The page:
Vol. 49, No. 7
Getting Value from Executive MBA Programs Another Option: Corporate EMBA Programs
One way to increase control over the content and requirements of the executive MBA (EMBA) program is to partner with a university. "Some companies have brought MBA programs in-house and with this greater control over program content and delivery," says Jeffrey Pfeffer, a professor at the Graduate School of Business at Stanford University in California. "There is good value received. The EMBA needs to be part of an integrated HR strategy with respect to employee development and retention."
For instance, Lockheed Martin Systems Integration-Owego in Owego, N.Y., began offering an on-site EMBA program in 1997. Since then, 65 employees have graduated, and 20 are expected to graduate this year.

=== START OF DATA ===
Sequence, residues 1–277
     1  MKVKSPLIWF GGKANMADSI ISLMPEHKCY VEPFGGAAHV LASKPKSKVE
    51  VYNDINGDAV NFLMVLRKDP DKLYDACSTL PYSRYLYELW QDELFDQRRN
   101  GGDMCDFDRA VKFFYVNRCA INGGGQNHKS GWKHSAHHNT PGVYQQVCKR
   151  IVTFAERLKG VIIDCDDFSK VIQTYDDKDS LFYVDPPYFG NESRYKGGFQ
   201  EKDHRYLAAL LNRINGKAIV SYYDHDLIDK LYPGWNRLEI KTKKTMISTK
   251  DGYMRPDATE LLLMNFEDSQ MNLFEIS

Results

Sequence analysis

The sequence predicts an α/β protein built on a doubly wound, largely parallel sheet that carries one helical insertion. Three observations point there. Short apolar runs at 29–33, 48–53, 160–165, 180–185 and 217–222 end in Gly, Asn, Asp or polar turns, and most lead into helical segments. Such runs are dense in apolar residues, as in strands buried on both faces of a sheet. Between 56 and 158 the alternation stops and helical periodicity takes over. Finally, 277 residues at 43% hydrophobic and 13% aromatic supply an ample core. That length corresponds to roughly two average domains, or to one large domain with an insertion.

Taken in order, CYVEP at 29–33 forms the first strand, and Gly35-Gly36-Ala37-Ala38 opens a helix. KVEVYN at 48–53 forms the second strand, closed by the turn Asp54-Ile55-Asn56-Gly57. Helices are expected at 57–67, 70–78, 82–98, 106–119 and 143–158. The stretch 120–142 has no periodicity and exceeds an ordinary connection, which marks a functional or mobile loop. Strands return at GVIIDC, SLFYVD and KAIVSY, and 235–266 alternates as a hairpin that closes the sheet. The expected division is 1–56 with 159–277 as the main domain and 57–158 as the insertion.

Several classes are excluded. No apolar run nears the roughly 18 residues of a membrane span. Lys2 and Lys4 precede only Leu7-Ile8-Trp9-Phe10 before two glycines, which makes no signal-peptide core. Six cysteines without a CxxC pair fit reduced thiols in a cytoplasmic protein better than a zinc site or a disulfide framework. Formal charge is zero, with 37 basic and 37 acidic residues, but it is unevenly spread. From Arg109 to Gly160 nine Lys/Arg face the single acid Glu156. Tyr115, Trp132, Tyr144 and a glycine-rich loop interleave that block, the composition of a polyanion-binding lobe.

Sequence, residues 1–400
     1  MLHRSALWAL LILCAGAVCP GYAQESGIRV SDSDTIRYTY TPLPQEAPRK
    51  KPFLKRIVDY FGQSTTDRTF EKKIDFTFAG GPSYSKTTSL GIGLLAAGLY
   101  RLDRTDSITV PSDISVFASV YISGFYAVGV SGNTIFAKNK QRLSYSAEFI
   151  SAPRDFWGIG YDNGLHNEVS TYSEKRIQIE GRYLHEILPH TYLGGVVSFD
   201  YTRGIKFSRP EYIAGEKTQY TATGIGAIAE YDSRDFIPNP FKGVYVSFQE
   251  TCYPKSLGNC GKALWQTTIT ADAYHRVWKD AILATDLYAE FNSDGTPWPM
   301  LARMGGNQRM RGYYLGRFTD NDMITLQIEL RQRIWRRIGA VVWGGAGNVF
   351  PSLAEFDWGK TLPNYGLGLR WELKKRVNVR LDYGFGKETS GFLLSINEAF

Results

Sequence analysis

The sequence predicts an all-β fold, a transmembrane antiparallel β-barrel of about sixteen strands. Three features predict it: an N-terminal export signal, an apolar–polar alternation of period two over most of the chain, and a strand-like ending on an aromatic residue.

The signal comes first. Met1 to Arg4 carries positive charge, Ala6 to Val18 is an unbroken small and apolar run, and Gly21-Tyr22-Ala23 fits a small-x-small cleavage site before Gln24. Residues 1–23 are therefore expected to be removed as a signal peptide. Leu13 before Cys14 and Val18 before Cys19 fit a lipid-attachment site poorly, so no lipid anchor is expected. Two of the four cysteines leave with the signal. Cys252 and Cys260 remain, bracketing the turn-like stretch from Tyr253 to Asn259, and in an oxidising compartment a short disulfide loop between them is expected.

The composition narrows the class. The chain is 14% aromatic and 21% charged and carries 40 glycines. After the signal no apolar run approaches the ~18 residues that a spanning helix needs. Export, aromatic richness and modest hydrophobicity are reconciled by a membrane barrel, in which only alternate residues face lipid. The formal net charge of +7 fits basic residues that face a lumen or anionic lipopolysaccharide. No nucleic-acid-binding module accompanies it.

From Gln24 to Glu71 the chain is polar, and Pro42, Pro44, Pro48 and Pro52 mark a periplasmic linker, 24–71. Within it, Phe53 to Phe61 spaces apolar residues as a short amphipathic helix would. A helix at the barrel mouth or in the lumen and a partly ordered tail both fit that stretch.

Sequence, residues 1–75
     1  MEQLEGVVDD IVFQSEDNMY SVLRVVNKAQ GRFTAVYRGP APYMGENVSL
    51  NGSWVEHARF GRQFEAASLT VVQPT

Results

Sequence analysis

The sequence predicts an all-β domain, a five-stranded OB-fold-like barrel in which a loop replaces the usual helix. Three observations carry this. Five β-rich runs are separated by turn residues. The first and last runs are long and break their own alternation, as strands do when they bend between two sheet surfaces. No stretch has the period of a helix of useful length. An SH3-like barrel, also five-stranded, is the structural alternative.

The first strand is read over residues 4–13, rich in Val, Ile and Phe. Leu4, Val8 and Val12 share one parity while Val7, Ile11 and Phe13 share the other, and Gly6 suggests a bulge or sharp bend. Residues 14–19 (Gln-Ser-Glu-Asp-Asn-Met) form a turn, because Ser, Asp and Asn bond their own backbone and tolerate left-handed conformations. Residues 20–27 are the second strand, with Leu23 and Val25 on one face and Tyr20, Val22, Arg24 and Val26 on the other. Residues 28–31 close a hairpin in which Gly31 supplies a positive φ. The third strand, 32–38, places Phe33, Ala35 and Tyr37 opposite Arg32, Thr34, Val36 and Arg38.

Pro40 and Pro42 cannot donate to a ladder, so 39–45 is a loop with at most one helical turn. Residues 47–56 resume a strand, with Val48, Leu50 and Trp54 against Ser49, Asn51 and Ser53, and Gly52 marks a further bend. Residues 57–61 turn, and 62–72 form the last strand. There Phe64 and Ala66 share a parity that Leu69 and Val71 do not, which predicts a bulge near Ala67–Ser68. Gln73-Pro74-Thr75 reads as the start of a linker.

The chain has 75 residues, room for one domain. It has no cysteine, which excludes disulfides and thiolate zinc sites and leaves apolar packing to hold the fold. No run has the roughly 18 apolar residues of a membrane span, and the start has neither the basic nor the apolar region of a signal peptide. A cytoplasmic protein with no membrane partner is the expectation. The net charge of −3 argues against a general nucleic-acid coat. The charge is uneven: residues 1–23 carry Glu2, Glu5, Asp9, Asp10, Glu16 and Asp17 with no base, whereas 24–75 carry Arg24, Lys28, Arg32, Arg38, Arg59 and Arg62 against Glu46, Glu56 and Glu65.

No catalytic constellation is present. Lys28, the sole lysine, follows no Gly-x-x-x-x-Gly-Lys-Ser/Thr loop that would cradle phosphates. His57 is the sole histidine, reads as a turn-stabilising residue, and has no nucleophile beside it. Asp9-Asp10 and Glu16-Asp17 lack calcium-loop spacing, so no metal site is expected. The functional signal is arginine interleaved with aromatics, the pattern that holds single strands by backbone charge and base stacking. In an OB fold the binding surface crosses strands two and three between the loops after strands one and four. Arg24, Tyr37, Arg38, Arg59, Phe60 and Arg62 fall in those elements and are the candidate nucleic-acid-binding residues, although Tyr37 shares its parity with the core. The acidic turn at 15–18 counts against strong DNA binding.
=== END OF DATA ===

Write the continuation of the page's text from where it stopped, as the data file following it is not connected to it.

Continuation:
"We tailor a curriculum for that organization," says George Bobinski, associate dean at the School of Management at Binghamton University in Binghamton, N.Y. "You cover the same tools and topics [as a regular MBA], but you might emphasize certain areas more or less as they are relevant to their business. Students can do projects that are relevant to their business."
Lisa Gross, EMBA graduate and HR training and development manager for Lockheed Martin, adds: "The curriculum is an intense 21-month, 56-credit program. Students take 18 multidisciplinary courses. Upon completion, employees graduate with a full MBA. All costs associated with the program are funded by [the company]. The program teaches management concepts and skills to employees, while focusing on Lockheed Martin-centric issues and business drivers. Course work is completed on the employees' own time."